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Bill tackles surge of revenge evictions

 
October 6th 2014
 

The Government has announced its support for Lib Dem MP Sarah Teather’s Tenancy Reform Bill to restrict revenge evictions against tenants who complain about poor conditions.

The announcement comes after figures show there was a 26 per cent rise in landlords making claims for repossession between 2010 and 2013. The trend continued upward in the first half of 2014 to 85,717, according to the Ministry of Justice.

Housing charity Shelter welcomed the news, claiming that 600 households in England are at risk of losing their homes every day, some as a result of so-called ‘revenge evictions’.

A Shelter spokesperson said: “In just the past year, more than 200,000 renters have been victims of revenge evictions – kicked out by their landlord just for complaining about unacceptable living conditions. Worse still, one in 12 renters is too scared to complain, in case it leads to them losing their home. With the new law, renters can leave all this behind.”

The Tenancy Reform Bill will ban landlords from evicting tenants by serving a no-fault ‘Section 21’ notice. Under these notices, landlords can give tenants two months’ notice to leave without giving any reason.

The Bill could ban landlords from doing this within six months of a local authority improvement or hazard awareness notice. It could also prevent landlords from evicting tenants in response to a legitimate, written complaint about the condition of the property which the local authority considers legitimate.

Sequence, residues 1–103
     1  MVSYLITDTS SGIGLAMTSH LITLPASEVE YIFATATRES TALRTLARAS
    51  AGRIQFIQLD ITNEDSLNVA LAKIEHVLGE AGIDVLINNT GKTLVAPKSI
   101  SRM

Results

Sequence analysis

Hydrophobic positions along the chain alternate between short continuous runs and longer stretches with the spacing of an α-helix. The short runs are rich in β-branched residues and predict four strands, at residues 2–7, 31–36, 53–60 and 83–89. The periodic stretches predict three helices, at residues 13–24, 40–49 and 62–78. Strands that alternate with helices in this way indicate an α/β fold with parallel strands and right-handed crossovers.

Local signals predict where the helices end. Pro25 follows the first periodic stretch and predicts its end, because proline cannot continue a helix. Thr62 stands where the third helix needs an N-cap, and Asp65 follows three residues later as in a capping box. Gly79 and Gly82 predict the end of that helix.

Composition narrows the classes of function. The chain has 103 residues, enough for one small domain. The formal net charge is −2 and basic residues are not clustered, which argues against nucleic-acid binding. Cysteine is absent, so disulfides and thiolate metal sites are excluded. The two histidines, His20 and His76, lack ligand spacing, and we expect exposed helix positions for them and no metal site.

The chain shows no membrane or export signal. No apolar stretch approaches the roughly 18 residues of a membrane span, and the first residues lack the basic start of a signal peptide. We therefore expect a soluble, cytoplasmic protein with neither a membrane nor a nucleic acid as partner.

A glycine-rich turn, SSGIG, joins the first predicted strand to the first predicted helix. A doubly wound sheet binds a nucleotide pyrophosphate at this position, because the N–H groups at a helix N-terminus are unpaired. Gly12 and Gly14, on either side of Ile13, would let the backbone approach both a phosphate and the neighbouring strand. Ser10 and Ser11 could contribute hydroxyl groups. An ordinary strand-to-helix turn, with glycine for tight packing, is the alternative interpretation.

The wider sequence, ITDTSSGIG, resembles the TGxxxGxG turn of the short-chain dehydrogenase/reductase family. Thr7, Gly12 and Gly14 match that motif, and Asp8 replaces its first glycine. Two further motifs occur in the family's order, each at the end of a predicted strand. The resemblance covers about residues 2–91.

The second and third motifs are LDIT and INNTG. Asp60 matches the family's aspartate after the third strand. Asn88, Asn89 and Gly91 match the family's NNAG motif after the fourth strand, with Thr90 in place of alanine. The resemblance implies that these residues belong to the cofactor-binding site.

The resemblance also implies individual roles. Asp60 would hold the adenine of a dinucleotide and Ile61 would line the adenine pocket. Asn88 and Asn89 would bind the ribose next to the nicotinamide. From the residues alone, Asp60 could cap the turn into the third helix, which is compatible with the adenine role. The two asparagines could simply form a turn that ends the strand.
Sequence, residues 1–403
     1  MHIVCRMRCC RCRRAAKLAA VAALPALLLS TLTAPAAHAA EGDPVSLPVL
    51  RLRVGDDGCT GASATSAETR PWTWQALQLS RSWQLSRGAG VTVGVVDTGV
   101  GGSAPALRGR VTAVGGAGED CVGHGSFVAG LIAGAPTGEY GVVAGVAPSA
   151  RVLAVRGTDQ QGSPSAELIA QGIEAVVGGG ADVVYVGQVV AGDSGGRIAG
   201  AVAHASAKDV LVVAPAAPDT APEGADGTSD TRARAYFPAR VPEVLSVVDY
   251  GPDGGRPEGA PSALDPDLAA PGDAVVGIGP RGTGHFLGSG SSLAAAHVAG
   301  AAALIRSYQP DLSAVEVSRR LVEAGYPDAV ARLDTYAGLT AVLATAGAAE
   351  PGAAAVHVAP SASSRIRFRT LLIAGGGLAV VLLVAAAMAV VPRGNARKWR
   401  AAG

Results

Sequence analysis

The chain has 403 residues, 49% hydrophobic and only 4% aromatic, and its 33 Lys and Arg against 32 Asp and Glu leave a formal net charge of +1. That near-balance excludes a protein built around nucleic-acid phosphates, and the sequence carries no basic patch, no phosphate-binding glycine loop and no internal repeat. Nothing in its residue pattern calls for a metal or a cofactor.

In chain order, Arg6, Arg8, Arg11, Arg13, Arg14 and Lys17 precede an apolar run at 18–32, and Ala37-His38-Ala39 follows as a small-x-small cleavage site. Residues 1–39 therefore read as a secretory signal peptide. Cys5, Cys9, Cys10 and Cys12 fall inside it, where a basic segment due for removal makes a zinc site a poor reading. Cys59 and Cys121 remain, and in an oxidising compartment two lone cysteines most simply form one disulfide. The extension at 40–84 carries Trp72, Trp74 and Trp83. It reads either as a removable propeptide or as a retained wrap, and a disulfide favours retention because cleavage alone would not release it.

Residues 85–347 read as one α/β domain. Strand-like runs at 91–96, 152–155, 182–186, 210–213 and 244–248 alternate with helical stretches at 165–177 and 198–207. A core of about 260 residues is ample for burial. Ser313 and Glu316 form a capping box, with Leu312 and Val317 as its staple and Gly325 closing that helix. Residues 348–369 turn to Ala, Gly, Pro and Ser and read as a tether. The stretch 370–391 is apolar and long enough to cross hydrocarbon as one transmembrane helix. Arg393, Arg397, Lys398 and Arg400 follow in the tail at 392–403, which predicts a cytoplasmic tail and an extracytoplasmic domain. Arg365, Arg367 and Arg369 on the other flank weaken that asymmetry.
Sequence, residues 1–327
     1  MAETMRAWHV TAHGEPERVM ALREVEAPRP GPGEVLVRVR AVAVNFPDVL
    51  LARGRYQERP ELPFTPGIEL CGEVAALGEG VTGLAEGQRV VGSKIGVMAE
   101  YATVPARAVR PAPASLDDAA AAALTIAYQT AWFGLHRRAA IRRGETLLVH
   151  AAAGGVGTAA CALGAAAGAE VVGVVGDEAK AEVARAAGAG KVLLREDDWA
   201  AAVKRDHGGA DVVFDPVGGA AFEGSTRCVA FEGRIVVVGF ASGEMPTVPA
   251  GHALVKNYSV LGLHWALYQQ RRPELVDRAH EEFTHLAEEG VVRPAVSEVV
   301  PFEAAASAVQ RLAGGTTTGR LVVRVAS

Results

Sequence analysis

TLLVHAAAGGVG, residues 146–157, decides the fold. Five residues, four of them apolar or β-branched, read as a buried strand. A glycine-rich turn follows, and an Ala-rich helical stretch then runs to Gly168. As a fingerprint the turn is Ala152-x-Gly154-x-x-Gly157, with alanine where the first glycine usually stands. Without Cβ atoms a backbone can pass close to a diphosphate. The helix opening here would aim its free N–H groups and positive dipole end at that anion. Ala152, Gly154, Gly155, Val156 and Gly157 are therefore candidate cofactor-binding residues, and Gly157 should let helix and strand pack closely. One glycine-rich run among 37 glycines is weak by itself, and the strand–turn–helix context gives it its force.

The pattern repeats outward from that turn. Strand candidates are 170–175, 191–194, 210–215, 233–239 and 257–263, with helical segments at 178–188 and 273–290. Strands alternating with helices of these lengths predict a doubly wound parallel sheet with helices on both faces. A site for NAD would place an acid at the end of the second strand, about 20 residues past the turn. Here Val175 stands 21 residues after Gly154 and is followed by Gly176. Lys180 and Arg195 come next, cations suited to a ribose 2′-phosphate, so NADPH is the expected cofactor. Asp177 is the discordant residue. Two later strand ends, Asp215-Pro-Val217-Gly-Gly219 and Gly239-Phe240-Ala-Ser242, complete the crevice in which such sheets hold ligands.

Lib Dem Department for Communities and Local Government Minister Stephen Williams said: “Our private rental sector is an asset, providing homes for nine million people across the country. So I’m determined to root out the minority of rogue landlords that give it a bad name.”

Housing Minister Brandon Lewis has published a new model tenancy agreement to give tenants the power to agree longer deals with landlords, and a new code of practice to clarify the legal requirements of landlords and letting agents to their tenants. There is also a new requirement for letting agents to belong to an approved redress schemes by the October 2014 deadline.

In response to the crisis, Newham introduced a private landlord licensing scheme which came into effect in January 2013.

Other councils such as Croydon, Barking and Dagenham, Southwark and Tower Hamlets have followed suit or have begun a public consultation to fix this problem.

 
 
 

October 2014

 

Contents

Upfront: Books to inspire

Immigration Bill checks

English drug deaths rise

Indy Ref sparks food bank

Harry’s film cleans up

Mother of all campaigns

Bill tackles surge of revenge evictions

In Focus: Soup runs

Youth allowance proposed

Gallery alert

Mental health help for all

Shelter moves into housing

Bedroom tax eviction

Interview: John Dolan

My view: B&Bs don't care

 

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